Just about any bank loan to buy a business (SBA or otherwise) is going to require collateral. And even then, sometimes the application isn’t approved due to the exotic nature of internet businesses or a borrower’s personal financial history.
So make sure to think about the buyers’ ability to get approval. If they aren’t pre-approved, I’d be asking questions about their credit history and score, net worth and any discussions they’ve had with lenders before accepting an offer.
For more details on the different financing options available, check out this eCommerceFuel podcast episode on Buying Businesses With Other People’s Money.
An “earn out” is where the buyer holds back a portion of the purchase price contingent on the business hitting certain financial goals. These goals are usually tied to revenue or net income.
Should you agree to one? It depends.
An earn out could make a lot of sense for a business that’s growing extremely quickly. Perhaps a buyer is worried that the business won’t maintain the rapid 50% year-over-year growth rate you’ve had over the last 18 months, especially if you’re pricing the deal based on the assumption of growth continuing.
If you have confidence in the continued growth of the company, you might consider taking part of the purchase price as an earn out instead of taking a straight-up cut in the value of the deal.
Like all things, it’s negotiable and may or may not make sense for your situation.
Financing details are crucial. But perhaps more important is deeply understanding the person behind the offer.
Closing a business purchase is a complex, highly technical process. Even the best deals are a lot of work and require a strong sense of trust and rapport in addition to well-thought-out contracts.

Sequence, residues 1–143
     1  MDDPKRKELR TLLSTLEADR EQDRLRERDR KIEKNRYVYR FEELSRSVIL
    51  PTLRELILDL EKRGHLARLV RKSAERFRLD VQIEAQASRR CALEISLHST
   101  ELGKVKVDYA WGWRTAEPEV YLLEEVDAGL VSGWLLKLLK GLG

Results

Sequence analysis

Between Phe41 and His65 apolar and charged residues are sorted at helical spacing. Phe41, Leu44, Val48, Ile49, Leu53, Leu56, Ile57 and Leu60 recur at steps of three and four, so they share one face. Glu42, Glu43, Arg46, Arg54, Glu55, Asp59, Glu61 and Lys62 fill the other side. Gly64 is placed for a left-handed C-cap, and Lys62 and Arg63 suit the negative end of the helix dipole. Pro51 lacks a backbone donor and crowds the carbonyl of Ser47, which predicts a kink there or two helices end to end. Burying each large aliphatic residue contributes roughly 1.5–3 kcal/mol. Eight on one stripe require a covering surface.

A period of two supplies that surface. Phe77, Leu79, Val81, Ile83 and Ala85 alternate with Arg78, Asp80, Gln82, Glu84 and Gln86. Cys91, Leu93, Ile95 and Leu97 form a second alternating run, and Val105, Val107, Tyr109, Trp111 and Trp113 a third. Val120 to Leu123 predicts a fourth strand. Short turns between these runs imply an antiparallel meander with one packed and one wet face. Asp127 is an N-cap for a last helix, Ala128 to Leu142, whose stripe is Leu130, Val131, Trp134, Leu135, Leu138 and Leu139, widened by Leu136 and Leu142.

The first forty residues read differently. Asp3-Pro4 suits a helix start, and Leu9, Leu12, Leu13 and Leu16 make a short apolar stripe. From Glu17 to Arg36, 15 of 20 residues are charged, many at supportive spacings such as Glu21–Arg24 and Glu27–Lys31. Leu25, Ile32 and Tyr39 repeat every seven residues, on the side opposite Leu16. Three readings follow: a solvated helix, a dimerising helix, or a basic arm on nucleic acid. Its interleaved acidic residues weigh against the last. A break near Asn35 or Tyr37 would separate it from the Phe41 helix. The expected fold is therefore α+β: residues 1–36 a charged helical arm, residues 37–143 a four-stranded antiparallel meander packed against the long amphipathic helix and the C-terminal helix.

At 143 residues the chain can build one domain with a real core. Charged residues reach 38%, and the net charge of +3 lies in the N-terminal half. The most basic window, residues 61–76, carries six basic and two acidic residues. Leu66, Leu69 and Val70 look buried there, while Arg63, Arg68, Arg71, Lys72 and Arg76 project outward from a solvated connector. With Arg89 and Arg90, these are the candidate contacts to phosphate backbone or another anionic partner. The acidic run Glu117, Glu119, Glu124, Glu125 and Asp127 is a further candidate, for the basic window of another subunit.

You want to work with a buyer who you ideally both like and trust. Someone who isn’t an arbitrary stickler and will work with you in good faith. Someone who has integrity and with whom you can build a strong rapport.
I’d easily take an offer for 90% of my asking price from a well-qualified buyer I trusted and liked versus a full-priced offer from someone I felt uneasy about. One of the worst things in the world is spending three months trying to close a deal only to have it fall apart and have to start again at the beginning.
A few things to consider:
This is a great time in your life to be picky and judgmental. Read into things. Trust your gut.
If someone writes sloppy emails, doesn’t get back to you when they say they will or is late getting on calls it should be a HUGE red flag. Small problems you see early on will be magnified 10x down the road when the sale and diligence processes get more complex and stressful.
There’s a lot to think about when weighing offers and deciding whether to accept them. Make sure not to fixate solely on the purchase price and you’ll likely avoid a lot of heartache.
Once you’ve come to an agreement with a buyer on basic deal terms, it’s time to sign a letter of intent, often referred to as the LOI. The LOI serves as an agreement to help the buyer and seller lay out basic deal terms and move toward an official closing.
Here’s what a good LOI should cover:
It’s important to understand what an LOI is not. First and foremost, it is NOT a binding agreement to purchase the business.
Most LOIs have very open-ended contingency clauses that allow buyers to walk away if they find something they don’t like and/or feel was misrepresented. So an LOI is really just a document that helps get both parties on the same page, allowing them to take a formal step toward closing the deal.
But it’s by no means a guarantee of a sale.
Deals fall apart after LOIs are signed all the time. This is why picking a buyer you trust and feel good about is so important. You’re trusting the good faith of the buyer at this stage and need to bank on his/her good faith and interest in the business.
You can download the actual LOI the buyer and I signed for my sale of TrollingMotors.net right here to see what one looks like.
I’ve removed the buyer’s name and a few personal details but the vast majority of it is there and should provide a good sense of the level of detail and structure required.
Earnest money is what buyers pay upon signing the LOI to indicate their seriousness and intent to close a deal. The amount you should ask for depends on the size of the deal.